MRI research that gets to the heart of the matter

Insight into heart disease to be presented at University of Leicester’s Frank May Prize Lecture 2018 on 29 October

The potential for Magnetic Resonance Imaging, more commonly known as MRI, to make a step-change in our understanding of heart disease is to be explored in a University of Leicester public lecture.

Cardiologist and researcher Professor Gerry McCann will give The Frank May Prize Lecture 2018 entitled ‘Using MRI to better understand and manage heart disease’ on Monday 29 October 2018. His lecture is now fully booked.

The lecture will focus on his most important clinical research, carried out in Aortic stenosis, management of patients with angina and heart attacks, heart failure and particularly the effect of diabetes and end-stage renal failure on the heart.

Professor McCann said: “I am honoured to follow in the footsteps of such distinguished medical researchers such as Professor Sir Nilesh Samani, Professor Catrin Pritchard and Professor Chris Brightling.  MRI imaging of the heart has transformed our understanding of many common diseases and is now being used daily in clinical practice to refine diagnosis, optimise management and often prevents patients being exposed to invasive investigations and treatments that may not be of benefit.”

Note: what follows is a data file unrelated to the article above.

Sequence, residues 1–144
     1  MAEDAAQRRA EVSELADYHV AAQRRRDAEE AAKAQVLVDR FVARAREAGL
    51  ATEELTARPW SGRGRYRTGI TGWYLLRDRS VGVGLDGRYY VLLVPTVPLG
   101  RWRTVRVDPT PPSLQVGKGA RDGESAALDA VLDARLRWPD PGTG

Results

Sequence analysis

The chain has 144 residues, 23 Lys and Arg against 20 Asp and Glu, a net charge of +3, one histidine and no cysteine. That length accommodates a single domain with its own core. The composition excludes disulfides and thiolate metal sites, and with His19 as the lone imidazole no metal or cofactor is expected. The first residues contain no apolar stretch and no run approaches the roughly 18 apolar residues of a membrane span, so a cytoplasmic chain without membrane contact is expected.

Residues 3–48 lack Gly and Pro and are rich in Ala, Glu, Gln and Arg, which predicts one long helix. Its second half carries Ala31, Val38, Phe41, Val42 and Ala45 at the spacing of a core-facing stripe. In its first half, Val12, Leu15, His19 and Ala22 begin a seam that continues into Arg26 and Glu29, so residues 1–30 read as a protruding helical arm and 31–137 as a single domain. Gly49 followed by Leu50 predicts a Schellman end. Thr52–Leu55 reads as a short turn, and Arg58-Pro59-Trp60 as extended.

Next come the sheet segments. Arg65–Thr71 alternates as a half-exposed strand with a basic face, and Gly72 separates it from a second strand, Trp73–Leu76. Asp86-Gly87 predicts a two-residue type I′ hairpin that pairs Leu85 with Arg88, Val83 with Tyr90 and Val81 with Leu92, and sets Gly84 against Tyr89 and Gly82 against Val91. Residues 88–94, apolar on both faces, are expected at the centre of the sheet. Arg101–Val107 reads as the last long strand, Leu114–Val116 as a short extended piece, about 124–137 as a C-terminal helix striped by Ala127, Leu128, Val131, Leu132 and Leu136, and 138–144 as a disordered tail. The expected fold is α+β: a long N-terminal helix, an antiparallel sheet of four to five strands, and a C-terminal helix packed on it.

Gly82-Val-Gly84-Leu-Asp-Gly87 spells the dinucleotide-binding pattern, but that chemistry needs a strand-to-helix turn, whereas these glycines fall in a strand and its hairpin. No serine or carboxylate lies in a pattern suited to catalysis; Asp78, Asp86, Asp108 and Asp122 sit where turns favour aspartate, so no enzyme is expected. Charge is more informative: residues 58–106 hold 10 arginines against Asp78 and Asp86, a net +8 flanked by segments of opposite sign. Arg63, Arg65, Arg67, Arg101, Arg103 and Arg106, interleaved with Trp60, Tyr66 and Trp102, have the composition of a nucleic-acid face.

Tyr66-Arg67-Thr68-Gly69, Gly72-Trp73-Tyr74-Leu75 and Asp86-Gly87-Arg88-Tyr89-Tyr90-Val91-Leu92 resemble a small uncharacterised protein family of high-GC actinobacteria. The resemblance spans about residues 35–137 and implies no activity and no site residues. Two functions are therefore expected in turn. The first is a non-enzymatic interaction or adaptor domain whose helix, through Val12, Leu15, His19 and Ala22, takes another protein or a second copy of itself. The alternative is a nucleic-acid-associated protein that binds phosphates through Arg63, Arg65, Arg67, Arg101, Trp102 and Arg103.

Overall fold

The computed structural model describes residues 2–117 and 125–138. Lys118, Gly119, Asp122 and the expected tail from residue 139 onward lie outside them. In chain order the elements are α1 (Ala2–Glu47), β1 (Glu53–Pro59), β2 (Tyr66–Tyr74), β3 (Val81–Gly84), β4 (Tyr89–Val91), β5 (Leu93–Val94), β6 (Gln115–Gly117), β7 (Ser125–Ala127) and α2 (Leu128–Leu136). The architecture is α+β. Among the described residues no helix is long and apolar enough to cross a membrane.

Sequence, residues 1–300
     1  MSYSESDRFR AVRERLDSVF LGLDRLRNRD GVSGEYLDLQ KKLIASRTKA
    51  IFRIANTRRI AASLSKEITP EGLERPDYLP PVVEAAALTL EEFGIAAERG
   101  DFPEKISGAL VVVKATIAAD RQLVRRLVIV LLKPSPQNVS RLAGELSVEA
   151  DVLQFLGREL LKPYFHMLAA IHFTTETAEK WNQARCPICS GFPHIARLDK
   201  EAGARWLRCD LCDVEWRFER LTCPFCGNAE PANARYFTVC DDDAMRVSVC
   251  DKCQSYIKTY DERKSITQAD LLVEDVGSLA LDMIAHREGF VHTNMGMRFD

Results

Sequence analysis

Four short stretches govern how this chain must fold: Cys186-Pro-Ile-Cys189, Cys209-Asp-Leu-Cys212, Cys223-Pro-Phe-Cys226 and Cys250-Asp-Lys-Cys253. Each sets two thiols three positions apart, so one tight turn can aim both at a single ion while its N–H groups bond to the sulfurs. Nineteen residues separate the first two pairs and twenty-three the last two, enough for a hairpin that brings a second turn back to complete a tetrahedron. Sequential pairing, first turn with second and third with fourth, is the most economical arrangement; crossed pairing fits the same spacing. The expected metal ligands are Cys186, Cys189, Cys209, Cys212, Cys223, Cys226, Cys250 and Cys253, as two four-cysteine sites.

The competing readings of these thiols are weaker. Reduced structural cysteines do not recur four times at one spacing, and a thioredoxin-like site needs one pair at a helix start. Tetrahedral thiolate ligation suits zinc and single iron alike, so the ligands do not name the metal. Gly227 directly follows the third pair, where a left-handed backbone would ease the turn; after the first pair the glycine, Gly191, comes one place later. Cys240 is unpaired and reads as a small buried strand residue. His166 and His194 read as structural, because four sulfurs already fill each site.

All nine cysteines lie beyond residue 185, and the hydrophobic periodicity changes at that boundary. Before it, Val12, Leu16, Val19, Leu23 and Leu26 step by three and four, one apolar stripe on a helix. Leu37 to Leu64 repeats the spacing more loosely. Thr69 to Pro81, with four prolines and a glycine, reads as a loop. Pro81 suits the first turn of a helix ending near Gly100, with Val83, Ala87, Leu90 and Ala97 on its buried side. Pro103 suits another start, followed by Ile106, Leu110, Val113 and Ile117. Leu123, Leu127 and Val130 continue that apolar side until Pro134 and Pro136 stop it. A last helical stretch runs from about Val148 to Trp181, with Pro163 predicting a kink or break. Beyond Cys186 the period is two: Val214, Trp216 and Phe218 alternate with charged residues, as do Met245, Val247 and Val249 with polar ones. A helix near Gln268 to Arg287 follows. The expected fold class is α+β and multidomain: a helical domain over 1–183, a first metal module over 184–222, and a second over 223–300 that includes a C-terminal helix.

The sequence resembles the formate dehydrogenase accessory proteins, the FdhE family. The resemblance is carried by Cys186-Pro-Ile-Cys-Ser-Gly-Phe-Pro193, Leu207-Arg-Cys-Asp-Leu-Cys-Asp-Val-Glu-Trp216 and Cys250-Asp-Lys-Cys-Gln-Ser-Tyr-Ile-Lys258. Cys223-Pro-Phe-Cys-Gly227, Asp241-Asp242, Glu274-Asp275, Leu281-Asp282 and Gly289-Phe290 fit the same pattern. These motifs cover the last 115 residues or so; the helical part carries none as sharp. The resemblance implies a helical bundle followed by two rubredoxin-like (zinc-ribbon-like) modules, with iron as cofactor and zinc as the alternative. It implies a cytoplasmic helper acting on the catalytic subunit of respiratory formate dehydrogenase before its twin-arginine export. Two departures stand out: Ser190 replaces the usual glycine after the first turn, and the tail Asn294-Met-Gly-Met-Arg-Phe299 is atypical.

Gerry McCann is Professor of Cardiac Imaging at the University’s Department of Cardiovascular Sciences and an Honorary Consultant Cardiologist based at Leicester's Hospitals. Professor McCann lectured on the Sports Medicine programme in Glasgow before moving to Leicester in 2000 to complete specialist training in Cardiology. He was awarded a European Society of Cardiology clinical fellowship to train in Cardiac MRI in Amsterdam in 2004. This year reinvigorated his passion for clinical research, seeing the huge potential MRI had to better understand cardiovascular disease in vivo and to improve patient management.

He has undertaken a broad-based programme of clinical research in Leicester, collaborating with numerous colleagues locally and establishing National and International collaborations with MRI colleagues. Funding has been secured from the BHF, MRC and the NIHR, which also funded a dedicated research scanner and two personal research fellowships.

The Frank May Prize was endowed by Dr Frank May MBE. The prize is based on evidence of research excellence during the previous two years and evidence of outstanding promise for the future. It is awarded in competition in the University of Leicester’s College of Life Sciences. To encourage and reward medical research Dr May has also established a biennial lecture given by a national or international speaker to an invited audience.